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"Here I must put the Buddha in my mouth for what I must
tell, for what Chan saw." Sketch for the novella Things That
Happen, 1991.

There was a lot to be said for writing with pen on paper.
It was easy to make instantaneous deletions by simply marking
through a word or phrase, or even putting a box around a
paragraph and drawing a line through it. Additions were fast
also — simply add it above the text or draw a line and put the
new material out in the margins. And last but not least there
was the wonderful feeling of contact with the tip of the pen
moving across the paper, a kind of intimacy with what I was
writing.

But there was one big down side also. Namely, that when
I went back to the manuscript I would have a difficult or
even impossible time making out my own handwriting: A
frustrating business of interpretation. And besides the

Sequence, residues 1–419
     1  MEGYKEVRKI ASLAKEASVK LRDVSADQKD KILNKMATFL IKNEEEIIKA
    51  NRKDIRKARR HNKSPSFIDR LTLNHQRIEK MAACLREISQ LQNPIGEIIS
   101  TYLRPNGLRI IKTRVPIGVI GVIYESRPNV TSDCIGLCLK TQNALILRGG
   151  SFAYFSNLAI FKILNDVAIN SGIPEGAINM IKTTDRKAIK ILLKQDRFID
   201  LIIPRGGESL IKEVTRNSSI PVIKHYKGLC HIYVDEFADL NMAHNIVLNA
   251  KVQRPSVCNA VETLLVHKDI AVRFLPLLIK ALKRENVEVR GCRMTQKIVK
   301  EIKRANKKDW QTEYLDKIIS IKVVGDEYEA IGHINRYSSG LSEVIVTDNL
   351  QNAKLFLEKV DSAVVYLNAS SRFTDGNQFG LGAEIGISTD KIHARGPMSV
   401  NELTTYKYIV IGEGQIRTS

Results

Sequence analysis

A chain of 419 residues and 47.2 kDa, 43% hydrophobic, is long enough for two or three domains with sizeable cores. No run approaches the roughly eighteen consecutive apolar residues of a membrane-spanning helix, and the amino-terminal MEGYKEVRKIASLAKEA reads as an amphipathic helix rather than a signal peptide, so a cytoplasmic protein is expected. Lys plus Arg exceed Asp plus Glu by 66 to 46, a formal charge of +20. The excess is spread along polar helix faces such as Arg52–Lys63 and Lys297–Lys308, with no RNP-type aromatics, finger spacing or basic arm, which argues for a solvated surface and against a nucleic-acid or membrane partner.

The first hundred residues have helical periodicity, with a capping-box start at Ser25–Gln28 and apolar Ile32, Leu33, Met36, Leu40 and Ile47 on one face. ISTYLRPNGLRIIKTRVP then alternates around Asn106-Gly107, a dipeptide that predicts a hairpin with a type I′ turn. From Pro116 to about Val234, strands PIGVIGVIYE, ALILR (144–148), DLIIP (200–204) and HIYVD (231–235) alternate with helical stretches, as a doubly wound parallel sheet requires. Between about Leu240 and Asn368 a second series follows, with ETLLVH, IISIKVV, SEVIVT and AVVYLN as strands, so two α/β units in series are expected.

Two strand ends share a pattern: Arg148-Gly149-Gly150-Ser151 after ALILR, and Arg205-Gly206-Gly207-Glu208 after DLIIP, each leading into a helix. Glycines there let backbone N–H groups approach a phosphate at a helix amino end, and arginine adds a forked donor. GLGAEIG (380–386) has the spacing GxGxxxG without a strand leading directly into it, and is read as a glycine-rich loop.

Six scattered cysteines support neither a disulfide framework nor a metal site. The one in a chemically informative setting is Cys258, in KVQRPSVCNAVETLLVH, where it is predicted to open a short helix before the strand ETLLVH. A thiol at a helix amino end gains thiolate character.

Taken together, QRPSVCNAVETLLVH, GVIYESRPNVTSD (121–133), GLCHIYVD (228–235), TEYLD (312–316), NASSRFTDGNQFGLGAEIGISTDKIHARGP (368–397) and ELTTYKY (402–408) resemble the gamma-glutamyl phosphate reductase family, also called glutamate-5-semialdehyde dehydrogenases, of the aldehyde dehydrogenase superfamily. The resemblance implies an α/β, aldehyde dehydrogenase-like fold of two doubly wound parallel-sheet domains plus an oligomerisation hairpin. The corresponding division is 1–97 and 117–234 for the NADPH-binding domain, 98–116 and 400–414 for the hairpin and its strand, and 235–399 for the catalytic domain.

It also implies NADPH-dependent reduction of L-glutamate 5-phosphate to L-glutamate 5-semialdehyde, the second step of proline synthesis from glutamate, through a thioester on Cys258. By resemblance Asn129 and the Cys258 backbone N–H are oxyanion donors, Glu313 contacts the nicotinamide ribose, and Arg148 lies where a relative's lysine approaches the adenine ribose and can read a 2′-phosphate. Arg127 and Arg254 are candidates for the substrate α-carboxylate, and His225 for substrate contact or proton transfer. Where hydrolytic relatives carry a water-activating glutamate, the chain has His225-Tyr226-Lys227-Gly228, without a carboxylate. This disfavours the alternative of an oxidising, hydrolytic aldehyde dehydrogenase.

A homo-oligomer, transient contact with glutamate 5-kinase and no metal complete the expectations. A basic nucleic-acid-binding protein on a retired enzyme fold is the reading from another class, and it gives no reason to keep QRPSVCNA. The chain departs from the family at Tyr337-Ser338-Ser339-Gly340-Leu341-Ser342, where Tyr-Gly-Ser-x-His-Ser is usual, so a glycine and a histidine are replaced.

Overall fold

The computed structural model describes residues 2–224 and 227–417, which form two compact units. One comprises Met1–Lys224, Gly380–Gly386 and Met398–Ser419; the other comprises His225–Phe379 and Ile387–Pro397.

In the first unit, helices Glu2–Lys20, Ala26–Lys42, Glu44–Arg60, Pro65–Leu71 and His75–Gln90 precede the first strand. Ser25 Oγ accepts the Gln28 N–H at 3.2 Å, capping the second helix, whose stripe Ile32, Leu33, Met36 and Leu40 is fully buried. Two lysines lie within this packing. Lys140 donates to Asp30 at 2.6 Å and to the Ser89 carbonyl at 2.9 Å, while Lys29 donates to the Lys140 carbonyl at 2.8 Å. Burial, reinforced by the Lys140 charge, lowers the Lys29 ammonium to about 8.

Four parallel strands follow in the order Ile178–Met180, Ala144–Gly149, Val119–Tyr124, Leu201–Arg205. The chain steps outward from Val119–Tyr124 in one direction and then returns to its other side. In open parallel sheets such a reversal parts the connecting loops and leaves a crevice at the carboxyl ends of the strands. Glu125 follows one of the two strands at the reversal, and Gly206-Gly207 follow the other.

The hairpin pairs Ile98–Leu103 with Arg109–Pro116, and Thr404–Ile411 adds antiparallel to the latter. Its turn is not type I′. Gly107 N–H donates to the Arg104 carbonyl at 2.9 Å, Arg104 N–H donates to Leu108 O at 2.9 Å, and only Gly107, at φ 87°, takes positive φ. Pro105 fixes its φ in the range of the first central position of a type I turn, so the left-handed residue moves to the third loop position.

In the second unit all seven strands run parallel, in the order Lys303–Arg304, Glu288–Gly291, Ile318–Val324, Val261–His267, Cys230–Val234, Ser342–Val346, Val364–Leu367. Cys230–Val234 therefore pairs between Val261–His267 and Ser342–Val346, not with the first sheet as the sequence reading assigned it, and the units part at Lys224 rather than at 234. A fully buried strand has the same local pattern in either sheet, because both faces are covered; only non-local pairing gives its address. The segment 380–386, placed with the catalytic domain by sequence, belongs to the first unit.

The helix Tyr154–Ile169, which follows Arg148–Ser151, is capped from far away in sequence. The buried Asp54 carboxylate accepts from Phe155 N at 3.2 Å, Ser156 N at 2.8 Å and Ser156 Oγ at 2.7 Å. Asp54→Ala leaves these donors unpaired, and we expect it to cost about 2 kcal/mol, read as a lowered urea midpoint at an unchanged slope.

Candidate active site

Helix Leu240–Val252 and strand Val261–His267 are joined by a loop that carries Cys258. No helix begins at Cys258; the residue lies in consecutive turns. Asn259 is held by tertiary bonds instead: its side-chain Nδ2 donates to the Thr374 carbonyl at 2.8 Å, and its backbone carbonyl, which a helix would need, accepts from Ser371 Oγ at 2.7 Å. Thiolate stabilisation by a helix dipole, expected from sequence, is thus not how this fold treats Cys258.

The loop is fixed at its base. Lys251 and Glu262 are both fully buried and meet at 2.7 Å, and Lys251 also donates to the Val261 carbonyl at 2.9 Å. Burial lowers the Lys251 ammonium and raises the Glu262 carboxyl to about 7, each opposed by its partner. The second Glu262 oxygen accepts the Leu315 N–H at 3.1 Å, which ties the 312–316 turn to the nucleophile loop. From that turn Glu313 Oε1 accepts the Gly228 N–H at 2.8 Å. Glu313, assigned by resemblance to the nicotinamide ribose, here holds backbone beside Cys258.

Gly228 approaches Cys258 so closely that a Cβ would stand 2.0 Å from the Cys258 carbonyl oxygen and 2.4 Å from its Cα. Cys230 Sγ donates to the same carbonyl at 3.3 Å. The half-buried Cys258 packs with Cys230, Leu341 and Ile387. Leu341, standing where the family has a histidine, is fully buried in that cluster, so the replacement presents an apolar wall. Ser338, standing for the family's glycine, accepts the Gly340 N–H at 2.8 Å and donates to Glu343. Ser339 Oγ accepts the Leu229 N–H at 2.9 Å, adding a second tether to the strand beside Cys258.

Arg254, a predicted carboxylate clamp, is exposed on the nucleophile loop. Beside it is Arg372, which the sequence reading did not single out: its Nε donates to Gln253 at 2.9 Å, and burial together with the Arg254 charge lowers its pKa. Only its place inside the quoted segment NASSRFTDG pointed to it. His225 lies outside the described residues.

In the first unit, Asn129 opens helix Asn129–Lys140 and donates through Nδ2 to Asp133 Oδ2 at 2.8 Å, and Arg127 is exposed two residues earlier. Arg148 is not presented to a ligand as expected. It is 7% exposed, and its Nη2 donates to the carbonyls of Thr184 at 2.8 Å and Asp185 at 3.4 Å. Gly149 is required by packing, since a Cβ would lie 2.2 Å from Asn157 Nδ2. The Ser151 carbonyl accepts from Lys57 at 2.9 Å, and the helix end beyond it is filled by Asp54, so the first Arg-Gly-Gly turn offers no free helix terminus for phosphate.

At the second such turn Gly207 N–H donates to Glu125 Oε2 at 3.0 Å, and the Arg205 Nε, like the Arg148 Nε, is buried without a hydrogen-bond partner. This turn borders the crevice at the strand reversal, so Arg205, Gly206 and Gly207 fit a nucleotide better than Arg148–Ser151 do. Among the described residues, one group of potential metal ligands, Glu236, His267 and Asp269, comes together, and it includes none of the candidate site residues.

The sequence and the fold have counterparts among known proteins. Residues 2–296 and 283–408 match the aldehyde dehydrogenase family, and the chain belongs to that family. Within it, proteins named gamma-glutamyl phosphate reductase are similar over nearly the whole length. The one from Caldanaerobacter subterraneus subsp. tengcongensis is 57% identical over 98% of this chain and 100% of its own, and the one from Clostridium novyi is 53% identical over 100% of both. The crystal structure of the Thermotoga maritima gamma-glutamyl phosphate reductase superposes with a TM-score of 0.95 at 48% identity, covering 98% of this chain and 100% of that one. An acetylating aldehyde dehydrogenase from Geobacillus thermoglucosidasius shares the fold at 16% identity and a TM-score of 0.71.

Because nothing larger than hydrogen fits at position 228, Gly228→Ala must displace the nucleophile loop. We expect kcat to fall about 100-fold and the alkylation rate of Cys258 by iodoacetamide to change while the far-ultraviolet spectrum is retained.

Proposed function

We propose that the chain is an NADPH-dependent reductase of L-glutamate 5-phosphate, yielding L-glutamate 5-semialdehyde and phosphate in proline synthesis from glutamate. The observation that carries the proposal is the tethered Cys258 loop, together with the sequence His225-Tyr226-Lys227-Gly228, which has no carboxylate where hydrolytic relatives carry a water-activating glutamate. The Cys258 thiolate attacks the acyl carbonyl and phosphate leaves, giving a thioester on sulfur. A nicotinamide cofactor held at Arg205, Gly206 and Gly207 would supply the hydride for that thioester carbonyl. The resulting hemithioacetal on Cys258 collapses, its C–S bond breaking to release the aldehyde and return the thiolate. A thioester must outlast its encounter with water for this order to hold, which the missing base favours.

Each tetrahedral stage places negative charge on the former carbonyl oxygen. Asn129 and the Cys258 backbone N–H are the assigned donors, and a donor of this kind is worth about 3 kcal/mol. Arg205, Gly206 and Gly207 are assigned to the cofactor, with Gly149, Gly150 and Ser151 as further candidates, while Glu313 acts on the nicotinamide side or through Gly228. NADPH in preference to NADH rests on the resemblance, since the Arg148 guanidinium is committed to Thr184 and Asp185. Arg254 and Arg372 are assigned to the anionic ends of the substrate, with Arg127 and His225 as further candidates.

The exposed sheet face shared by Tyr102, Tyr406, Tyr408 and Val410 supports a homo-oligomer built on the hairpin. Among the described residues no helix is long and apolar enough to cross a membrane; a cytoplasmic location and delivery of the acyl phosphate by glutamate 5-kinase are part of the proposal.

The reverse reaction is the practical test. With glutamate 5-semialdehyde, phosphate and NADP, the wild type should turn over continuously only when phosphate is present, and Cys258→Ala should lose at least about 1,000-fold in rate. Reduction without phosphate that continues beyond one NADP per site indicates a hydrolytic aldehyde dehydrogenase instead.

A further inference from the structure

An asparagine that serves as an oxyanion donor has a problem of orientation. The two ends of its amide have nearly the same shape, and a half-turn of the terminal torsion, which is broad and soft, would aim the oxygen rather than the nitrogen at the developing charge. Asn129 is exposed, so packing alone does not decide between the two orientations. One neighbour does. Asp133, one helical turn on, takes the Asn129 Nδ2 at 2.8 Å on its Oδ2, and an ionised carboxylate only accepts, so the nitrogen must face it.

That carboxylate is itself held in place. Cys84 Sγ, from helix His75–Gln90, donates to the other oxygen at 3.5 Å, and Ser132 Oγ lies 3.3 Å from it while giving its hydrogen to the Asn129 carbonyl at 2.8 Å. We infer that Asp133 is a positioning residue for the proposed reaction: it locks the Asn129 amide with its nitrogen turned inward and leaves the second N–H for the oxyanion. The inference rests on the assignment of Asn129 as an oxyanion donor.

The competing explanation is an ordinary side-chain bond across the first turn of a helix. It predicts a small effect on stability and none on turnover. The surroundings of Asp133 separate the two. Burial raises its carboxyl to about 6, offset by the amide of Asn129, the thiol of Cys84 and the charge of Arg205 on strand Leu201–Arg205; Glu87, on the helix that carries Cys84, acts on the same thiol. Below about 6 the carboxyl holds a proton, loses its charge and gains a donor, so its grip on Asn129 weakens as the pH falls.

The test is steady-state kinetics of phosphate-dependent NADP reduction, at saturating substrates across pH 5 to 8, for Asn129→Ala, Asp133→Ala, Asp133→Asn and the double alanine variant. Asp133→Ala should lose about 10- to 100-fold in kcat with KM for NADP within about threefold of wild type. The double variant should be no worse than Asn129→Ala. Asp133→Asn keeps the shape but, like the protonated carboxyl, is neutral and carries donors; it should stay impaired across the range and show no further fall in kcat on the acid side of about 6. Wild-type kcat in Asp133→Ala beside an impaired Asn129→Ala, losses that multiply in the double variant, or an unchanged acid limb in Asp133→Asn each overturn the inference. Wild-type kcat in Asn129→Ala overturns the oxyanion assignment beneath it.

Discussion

handwriting aspect there was the fact that I would have
to do the manuscript a second time on the typewriter or,
later, the word processor.

So I finally went with the word processor solely. I'm not
the best typist, so that works against speed in additions
or deletions, and trust me I make very frequent use of the
backspace key.

I have so much of this old stuff. Notebook after notebook.
You know back when I first received my diagnosis and was
only given a year or two to live, I remember standing in
the kitchen with my girlfriend, thinking about the big box
I had of all the writing going back decades. And I asked her:
"What does one do with a lifetime of unpublished writing?"

I had no answer right at that moment. But eventually I found
that the answer, ironically, was simply to do more writing.

Sometimes, it's just about the process.


Manuscript for "The Ghosts of Frames" done on
Boxer Text Editor, 2011.

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